By Richard Winters
My Rating: 4 out of 10
4-Word Review: Marrying a rich man.
Originally intended as a fact based bio of Aristotle Onassis and his marriage to Jacqueline Bouviar Kennedy where Jackie was offered $1 million to play herself, but when she turned it down the producers decided to turn it into a ‘fictional’ story where the names of the characters were changed, but many of the elements remained the same. The plot deals with a Greek shipping tycoon named Theo Tomasis (Anthony Quinn) who is known to fool-around on his wife Simi (Camilla Sparv). One day while hosting a posh party on his yacht he sets his sights on Liz (Jacqueline Bisset) who is the wife of a politician James Cassidy (James Franciscus) who’s running for the democratic nomination for the U.S. Presidency. While Theo and Liz are able to get away from the rest of the guests and talk he’s unable to admit how smitten he is with her due to her marriage. Liz returns to the states with her husband and he’s elected President, but then is assassinated. Now widowed she decides to return to Greece and meets-up with Theo. Theo in-turn leaves his wife, who was tired of his philandering ways, and marries Liz though their marriage ends-up being a rocky one as well as Theo is unable to change his old habits making Jacki feel she’s just another ‘notch-on-his-belt’.
Producer Nico Mastorakis is probably better known for having directed the controversial horror film Island of Death, which to this day remains one of the most notorious movies ever made, but before he got into filmmaking he was a reporter, who under the guise of being a musician for a rock group, gained access to Onassis’ yacht the Christina while Aristotle was hosting a party with guests Jackie and Ted Kennedy. He hid a small camera inside the his guitar and was able to take pictures of the event before having the negatives confiscated by Ted Kennedy’s security detail. Nico though remained fascinated with Onassis and his experiences while on the his yacht convinced him he’d make a perfect subject for a movie. Quinn, met with Onassis just months before his death where he reportedly gave him blessing to play the role, so Quinn initially agreed to do it only to back-out later when he spoke with Jackie who asked him not to do it. However, months later, she then publicly snubbed him at a restaurant, which got him so angry that he changed his mind and called Nico to tell him he wanted to go through with it and play the part, of which he was paid the handsome figure of $500,000.
As a soap opera, which is all this amounts to, it’s watchable with the biggest asset being the exotic European locales. The plot moves along breezily enough to keep it mildly compelling though no effort is made to make it conform to the early 60’s time period when it all began making it seem instead like it could’ve all occurred during the 70’s. The assassination is especially surreal as James gets shot as he and Jackie are walking along the beach, but no sniper is ever seen. The camera pans over to where the shots were fired and all we see are trees like some phantom gunmen came out of nowhere to kill him and then just disappeared into thin air with no explanation for who did it, or why.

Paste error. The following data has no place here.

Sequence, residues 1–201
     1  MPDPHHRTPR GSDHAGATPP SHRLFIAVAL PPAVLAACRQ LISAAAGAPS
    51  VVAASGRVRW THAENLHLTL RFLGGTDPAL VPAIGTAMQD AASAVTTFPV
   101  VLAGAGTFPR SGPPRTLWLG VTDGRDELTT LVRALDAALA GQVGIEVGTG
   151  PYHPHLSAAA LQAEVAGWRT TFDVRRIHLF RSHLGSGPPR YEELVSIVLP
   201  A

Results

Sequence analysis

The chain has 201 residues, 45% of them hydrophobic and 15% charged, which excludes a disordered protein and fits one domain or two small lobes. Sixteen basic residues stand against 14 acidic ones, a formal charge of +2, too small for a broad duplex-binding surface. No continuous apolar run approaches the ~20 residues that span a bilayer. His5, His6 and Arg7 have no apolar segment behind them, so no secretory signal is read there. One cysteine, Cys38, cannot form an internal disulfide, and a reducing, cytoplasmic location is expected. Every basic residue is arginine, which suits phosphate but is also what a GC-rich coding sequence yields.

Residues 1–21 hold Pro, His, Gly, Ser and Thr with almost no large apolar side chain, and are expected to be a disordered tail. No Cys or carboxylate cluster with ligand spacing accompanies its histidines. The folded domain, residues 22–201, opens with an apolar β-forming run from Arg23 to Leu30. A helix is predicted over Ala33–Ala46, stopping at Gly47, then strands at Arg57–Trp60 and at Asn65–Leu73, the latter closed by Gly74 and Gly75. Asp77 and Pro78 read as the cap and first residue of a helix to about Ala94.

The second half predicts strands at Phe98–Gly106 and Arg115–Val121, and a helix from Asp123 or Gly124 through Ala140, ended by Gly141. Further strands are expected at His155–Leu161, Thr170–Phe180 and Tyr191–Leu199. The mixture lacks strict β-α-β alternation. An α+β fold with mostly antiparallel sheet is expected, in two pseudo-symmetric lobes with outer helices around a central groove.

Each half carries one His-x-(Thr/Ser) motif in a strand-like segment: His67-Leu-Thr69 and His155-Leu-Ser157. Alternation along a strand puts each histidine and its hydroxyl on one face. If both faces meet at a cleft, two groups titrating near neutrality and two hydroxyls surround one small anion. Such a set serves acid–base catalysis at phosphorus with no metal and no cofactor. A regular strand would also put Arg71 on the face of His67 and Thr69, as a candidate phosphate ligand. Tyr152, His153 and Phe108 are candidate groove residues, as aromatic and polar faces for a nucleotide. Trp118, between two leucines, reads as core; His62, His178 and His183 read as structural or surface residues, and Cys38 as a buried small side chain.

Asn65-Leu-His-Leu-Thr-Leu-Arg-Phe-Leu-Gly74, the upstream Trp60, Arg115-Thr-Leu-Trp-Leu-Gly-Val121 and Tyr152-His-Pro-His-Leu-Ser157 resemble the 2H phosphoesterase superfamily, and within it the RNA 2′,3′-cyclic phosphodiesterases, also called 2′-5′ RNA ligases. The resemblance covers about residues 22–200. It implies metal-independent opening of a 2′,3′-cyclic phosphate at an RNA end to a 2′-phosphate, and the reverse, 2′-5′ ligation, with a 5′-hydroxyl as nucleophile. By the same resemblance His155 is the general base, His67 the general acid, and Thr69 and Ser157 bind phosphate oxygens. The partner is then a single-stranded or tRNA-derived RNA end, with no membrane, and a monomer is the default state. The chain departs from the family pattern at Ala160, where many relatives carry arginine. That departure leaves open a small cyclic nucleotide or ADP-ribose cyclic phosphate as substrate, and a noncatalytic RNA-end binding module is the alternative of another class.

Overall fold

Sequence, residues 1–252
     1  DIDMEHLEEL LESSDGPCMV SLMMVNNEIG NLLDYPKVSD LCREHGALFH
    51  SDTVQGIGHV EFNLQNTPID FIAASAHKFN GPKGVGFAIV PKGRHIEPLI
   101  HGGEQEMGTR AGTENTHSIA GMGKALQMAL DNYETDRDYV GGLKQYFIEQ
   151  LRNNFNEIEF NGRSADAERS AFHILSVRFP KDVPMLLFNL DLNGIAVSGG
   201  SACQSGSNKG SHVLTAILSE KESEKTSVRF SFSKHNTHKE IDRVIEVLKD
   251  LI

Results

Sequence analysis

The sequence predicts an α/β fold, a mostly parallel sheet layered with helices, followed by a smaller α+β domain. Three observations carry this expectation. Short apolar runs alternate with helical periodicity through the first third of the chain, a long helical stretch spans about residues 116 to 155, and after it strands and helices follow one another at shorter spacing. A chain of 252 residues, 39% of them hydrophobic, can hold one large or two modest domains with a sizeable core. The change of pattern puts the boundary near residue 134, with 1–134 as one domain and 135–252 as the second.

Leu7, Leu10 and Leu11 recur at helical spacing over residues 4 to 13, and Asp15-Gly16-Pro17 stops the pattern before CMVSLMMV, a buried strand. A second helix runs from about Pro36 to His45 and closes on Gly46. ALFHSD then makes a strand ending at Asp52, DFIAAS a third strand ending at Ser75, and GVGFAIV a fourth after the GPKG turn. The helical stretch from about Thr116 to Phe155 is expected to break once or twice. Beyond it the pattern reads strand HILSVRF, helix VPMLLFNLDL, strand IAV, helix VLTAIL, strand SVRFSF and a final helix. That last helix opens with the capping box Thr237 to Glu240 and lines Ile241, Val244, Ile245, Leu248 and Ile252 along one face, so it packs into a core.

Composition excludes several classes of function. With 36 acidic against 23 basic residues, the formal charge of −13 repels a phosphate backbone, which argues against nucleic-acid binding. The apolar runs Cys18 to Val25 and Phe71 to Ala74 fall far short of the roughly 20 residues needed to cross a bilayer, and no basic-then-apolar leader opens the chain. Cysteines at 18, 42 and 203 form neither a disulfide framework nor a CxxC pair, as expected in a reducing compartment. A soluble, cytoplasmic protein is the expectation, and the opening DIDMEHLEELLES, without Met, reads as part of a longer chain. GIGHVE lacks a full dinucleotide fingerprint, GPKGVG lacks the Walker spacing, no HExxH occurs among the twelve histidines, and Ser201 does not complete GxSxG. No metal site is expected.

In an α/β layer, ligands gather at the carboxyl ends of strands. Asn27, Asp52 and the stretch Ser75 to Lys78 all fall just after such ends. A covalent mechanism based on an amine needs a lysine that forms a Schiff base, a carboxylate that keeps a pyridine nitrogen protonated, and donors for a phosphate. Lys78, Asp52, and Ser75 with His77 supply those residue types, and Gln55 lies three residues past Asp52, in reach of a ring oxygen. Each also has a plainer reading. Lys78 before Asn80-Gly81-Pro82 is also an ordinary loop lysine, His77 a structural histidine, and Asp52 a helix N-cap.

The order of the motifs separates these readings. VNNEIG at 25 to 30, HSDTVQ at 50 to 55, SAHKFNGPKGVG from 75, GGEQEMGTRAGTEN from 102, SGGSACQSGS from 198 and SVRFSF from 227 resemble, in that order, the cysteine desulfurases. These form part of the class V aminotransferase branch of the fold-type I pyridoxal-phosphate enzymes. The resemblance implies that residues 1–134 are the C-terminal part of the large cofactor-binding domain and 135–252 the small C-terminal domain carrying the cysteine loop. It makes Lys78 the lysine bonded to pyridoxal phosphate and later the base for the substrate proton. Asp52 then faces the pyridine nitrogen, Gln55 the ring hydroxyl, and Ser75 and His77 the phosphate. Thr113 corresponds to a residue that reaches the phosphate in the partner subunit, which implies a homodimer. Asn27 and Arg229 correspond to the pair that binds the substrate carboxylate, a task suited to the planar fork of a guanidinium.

Quinn’s acting though is really impressive and one of the few reasons to watch it. Quinn has always had a magnetic energy that grabs the viewer into his characters and makes you fascinated enough in them to keep you engrossed though the dark glasses he’s seen constantly wearing was a distraction. He wears them all the time even while inside and at night, which seems weird and makes him appear almost like he’s gangster. There’s a few times when the glass lenses inside the frames are clear and not darkened, but no explanation for why, or how they changed. His propensity for Greek line dancing only succeeds in reminding viewers of another more famous movie that he was in, Zorba the Greek, and for that reason alone it should’ve been avoided altogether.
Bisset on the other-hand doesn’t have much of a presence. Normally she’s a great actress, but her character here isn’t fleshed-out enough to make anything that she says or does interesting. It’s a transparent composite of what one might deem a First Lady to be, but with nothing unique, or distinct added into it and thus making her time onscreen seem quite blah. She does have one energetic moment when she gets into a fight with him after he embarrasses her in front of a few men and even proceeds to attack him physically, but other than that her performance, like the rest of the movie, is sterile with very little to recommend.
My Rating: 4 out of 10
Released: May 12, 1978
Runtime: 1 Hour 47 Minutes
Director: J. Lee Thompson
Studio: Universal Pictures
Available: DVD, Blu-ray